Take the 2-minute tour ×
Webmasters Stack Exchange is a question and answer site for pro webmasters. It's 100% free, no registration required.

I used the Bing webmaster tool's SEO analyzer on my website, and it reported:

There are multiple tags on the page.

It recommends that there should only be one <h1> tag on the page.

The page is a listing of blog posts for a category. So each blog entry is structured like this.

<article>
    <header><h1><a>...</a></h1></header>
    <p>summary...</p>
</article>
<article>
    <header><h1><a>...</a></h1></header>
    <p>summary...</p>
</article>
<article>
    <header><h1><a>...</a></h1></header>
    <p>summary...</p>
</article>
<article>
    <header><h1><a>...</a></h1></header>
    <p>summary...</p>
</article>

How is this invalid? I thought this was the correct way to describe a post in HTML5.

share|improve this question
1  
You are using head elements in article, which is not allowed. You probably mean header. –  unor Nov 2 '13 at 2:42
add comment

2 Answers

up vote 2 down vote accepted

Don't change your code which is valid, it's just because SEO analyzer from Bing is late and doesn't take into account HTML5 semantic.

share|improve this answer
    
oh wow what a surprise. A Microsoft tool that isn't following standards. thanks. –  Mathew Foscarini Oct 30 '13 at 13:29
    
Yes, many SEO tools are late about HTML5 semantic. –  Zistoloen Oct 30 '13 at 13:31
    
I switched back to this as the right answer. Inspecting many popular websites showed that <h1> is used in <article> tags all the time. I think the problem is that I'm missing a <section> tag. –  Mathew Foscarini Nov 2 '13 at 15:00
1  
@Mathew Foscarini: don't forget it's not because SEO tools or search engines are late considering HTML5 that you don't have to use semantic markup. In a close future, SEO tools and search engines will be compatible with HTML5. –  Zistoloen Nov 2 '13 at 16:23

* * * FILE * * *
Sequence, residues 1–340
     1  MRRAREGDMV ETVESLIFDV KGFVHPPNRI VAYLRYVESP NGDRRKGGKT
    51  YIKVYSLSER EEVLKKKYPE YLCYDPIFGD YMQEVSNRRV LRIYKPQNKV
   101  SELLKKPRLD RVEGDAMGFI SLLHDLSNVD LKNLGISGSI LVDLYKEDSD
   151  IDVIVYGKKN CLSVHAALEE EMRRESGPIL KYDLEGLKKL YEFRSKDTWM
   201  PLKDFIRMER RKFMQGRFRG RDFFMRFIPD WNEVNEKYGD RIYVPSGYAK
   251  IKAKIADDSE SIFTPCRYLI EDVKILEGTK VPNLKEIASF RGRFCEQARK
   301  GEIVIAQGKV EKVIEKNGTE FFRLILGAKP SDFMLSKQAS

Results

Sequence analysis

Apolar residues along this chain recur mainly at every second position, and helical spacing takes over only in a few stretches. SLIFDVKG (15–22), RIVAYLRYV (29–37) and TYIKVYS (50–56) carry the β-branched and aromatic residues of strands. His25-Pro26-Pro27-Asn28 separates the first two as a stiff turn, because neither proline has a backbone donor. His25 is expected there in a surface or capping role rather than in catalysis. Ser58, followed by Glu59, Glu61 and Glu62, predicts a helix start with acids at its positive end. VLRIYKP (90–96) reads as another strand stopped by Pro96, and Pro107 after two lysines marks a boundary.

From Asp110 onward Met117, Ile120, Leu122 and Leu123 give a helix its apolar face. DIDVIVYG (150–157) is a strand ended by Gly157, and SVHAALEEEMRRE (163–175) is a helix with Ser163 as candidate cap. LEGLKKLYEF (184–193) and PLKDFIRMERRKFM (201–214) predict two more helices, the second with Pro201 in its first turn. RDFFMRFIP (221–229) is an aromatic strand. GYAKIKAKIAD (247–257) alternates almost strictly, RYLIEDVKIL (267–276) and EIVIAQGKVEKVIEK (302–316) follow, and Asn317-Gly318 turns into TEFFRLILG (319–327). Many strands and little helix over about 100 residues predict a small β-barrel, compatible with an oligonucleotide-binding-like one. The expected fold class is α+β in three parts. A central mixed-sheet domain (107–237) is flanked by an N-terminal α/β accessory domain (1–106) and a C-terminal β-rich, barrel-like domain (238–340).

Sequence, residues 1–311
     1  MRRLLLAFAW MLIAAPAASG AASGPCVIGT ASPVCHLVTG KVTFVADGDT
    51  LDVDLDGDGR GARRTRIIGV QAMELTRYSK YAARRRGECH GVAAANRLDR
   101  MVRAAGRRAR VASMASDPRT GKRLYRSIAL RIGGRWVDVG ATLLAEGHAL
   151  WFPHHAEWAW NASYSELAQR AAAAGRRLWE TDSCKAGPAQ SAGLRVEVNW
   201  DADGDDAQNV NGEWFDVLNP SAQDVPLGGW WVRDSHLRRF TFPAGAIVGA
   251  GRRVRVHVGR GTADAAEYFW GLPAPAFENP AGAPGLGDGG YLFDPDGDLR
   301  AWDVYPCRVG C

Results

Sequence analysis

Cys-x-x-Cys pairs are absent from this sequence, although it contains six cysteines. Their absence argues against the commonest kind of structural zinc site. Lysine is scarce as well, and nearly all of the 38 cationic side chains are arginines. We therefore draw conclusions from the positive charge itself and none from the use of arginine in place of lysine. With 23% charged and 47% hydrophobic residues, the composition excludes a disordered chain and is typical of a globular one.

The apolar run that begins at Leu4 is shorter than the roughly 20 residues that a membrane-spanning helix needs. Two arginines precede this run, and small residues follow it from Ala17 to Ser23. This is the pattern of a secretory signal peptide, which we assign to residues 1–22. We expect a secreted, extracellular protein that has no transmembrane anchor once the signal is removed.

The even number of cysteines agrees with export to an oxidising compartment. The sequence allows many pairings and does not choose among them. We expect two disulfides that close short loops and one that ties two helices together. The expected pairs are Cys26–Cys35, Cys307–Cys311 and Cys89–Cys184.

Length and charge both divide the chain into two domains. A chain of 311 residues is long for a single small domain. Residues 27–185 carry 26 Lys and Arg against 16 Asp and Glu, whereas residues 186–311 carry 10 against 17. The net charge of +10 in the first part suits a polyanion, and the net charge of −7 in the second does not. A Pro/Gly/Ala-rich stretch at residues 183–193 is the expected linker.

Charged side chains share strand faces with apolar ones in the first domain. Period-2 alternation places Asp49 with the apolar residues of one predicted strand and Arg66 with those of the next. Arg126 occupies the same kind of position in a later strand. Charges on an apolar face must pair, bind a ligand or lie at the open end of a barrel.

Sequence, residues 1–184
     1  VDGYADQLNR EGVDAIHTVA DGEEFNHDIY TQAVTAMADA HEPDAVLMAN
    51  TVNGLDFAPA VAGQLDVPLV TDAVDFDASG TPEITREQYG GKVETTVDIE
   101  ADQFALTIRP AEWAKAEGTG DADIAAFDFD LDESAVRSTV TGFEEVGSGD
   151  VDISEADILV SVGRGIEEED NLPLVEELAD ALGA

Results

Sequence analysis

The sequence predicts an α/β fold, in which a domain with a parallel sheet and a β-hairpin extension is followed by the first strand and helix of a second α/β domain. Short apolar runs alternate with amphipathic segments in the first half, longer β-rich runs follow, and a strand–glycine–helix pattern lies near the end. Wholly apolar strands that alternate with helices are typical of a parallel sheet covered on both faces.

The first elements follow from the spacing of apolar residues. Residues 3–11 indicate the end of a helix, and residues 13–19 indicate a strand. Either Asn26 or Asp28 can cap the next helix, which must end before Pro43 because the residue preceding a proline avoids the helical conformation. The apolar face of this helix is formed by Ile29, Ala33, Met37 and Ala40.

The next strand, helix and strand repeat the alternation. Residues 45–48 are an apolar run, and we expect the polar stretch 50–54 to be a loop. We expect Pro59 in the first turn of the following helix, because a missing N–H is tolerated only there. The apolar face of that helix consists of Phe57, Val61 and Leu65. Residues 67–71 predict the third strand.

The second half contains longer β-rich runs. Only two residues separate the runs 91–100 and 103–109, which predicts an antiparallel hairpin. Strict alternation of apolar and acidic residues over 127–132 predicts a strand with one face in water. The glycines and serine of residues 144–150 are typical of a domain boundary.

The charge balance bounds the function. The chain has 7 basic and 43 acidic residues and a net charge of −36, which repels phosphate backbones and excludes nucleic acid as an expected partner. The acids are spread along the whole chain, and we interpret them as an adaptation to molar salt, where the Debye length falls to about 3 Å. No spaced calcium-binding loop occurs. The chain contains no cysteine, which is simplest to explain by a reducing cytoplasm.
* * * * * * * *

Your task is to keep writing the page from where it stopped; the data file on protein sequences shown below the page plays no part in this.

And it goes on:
add comment

Semantically, it's correct (as Zistoloen said), but logically it isn't. <h1> tags are supposed to be used as the title for your entire page, which isn't the case here. Using multiple <h1> tags sends mixed signals to search engines and it'll be less obvious for them to know what your page is really about.

I would put the category title in <h1> tags and the article titles in <h2> tags. This way, it's obvious that your page is a category overview and that the articles are logically placed under that category.

You don't have to change it, but since search engines like the structure and use it to see what your page is about, I would http://webdesign.about.com/od/seo/a/why_use_h1_for_seo.htm is an interesting read.

share|improve this answer
    
that's a good answer. I agree with you on that. –  Mathew Foscarini Oct 30 '13 at 15:49
    
It’s perfectly logical. Each sectioning element may have a heading. The level of this heading is irrelevant, only the nesting of the sectioning element matters. That way you can copy-and-paste whole sections without having to adjust the heading levels. HTML5 could have introduced a h element, but it didn’t because of backwards compatibility, so it re-used h1-h6, while it ignores the level (for the sectioning element heading only, that is). –  unor Nov 2 '13 at 2:39
    
The title element should be used for the title of the whole page. Heading elements are not meant to contain page titles. –  Stephen Ostermiller Nov 5 '13 at 1:03
add comment

Your Answer

 
discard

By posting your answer, you agree to the privacy policy and terms of service.

Not the answer you're looking for? Browse other questions tagged or ask your own question.